The Mediterranean seagrass plays very important ecological functions but human disturbances are thought to be one of the main causes for its population decline. In this study, Jahnke et al (2015) try to understand how genetic diversity correlates with human disturbances and the results are surprising.
Can marine life adapt to ocean acidification? Well, first we need to understand if these favourable characteristics (survival under elevated CO2 conditions) are genetically determined and can be passed on to the offspring!
To understand how species may cope with climate change we must look into their genes. Do individuals have different levels of tolerance to high temperature? What can genes tell us about it?
Scientists found an octopus that guards its eggs for the longest period ever recorded. The super mother was filmed for 53 months and has produced the largest and most developed hatchlings known to date.
A recent study at the global scale suggests that there are two distinct populations of whale shark (Indo-Pacific and Atlantic Ocean). Authors show the evidence that populations of sharks aggregating at Ningaloo Reef in Western Australia have been declining in genetic diversity from 2007 to 2012.
New research suggests that global warming is leaving large coral reef systems less interconnected, which can affect their ability to recover after disturbance and potentially deplete local populations.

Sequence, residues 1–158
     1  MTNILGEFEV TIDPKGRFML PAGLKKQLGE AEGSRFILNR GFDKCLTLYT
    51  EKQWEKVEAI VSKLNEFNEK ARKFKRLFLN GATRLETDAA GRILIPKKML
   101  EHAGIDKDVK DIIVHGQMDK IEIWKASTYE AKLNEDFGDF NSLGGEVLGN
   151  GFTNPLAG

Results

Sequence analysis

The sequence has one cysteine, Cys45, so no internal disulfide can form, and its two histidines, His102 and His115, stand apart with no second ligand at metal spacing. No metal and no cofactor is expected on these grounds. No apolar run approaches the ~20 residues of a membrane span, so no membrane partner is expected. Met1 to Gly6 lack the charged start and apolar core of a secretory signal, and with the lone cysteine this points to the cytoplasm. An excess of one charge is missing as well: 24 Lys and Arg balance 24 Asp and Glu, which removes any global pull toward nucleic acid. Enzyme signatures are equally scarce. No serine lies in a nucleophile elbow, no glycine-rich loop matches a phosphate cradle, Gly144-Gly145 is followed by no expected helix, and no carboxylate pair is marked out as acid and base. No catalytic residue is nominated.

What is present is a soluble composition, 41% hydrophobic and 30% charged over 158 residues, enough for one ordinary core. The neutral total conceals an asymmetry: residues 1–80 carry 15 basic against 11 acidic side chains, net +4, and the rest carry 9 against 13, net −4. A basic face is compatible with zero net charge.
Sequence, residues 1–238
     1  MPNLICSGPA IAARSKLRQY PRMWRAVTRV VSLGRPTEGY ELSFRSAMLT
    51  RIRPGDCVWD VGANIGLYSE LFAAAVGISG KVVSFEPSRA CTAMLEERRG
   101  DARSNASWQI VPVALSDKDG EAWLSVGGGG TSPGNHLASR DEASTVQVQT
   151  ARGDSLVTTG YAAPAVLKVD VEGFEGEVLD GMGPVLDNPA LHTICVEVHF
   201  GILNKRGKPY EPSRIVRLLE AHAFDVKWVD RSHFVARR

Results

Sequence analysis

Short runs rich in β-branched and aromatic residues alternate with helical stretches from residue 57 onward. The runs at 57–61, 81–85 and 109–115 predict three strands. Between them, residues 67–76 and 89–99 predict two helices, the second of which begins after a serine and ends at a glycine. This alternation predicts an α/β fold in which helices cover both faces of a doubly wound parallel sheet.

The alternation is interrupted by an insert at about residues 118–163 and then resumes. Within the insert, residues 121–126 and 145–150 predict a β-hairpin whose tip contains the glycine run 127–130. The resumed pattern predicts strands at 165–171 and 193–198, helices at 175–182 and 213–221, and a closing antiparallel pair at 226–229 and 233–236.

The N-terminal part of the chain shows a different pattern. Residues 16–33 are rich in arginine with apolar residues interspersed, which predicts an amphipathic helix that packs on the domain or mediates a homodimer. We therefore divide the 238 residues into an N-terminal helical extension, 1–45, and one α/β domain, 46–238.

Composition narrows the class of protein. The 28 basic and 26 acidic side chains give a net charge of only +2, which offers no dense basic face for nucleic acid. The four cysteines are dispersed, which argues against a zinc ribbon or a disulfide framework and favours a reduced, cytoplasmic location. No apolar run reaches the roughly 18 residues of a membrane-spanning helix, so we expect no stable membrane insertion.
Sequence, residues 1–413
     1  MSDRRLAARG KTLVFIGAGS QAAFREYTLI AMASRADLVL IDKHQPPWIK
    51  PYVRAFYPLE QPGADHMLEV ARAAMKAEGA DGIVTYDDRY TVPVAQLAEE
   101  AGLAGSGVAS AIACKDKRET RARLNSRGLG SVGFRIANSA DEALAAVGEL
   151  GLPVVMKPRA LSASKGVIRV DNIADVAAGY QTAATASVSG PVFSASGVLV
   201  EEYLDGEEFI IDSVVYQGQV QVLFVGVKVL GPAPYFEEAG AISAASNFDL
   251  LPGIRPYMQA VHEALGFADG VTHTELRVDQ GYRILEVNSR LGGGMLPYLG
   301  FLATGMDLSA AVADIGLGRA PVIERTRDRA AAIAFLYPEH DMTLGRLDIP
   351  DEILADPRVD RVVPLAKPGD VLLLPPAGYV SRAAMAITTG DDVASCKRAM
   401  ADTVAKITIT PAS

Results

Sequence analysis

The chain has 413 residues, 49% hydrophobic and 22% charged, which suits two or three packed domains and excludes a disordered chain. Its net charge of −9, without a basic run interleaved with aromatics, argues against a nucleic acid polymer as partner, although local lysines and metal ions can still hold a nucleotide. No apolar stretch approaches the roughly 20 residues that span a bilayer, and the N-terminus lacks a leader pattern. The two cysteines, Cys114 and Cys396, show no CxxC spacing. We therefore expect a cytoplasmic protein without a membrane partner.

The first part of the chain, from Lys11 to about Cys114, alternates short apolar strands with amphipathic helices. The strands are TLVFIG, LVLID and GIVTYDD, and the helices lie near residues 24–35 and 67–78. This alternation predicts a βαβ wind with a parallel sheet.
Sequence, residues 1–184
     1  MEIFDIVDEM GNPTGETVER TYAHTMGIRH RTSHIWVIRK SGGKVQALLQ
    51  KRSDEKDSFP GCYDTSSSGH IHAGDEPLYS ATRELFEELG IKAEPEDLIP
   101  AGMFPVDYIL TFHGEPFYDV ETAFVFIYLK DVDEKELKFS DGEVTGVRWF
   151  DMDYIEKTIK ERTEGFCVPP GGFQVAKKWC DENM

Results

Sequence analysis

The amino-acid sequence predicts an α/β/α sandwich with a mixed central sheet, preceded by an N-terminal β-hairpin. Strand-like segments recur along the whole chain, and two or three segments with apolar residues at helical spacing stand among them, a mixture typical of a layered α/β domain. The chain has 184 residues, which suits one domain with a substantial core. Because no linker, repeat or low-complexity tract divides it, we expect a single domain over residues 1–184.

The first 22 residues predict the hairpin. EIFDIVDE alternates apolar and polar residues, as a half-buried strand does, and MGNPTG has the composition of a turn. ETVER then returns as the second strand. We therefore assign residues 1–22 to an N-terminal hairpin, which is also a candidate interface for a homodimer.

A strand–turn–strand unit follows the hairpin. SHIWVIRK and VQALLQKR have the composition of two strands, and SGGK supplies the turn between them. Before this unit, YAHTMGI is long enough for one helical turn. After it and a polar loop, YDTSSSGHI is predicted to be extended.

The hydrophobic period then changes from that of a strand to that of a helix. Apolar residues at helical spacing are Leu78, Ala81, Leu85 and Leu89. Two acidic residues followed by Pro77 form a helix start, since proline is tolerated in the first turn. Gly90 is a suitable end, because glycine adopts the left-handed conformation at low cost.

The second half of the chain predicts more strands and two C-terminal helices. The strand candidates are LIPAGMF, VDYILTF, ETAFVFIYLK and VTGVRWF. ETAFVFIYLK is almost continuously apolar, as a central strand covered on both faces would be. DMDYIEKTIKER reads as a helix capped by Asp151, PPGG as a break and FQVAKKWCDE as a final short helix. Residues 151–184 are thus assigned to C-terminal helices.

Incidental catches of nontarget species, also called “bycatch” have important ecological, social and economic impacts. A new study reveals the global distribution and intensity of bycatch of air-breathing megafauna (sea turtles, marine mammals and seabirds) and gaps in data availability.
It can actually work! A recent multidisciplinary study combining genetics and modeling conducted in the marine protected area of Torre Guaceto, Italy shows how effective marine reserves can be.
Recent evidence that European hake populations might be adapted to local conditions (e.g. temperature and salinity at the surface) suggests the need to review current management strategies of their stocks.
Overfishing reduces the ability to adapt in the face of change, even in highly abundant marine fishes.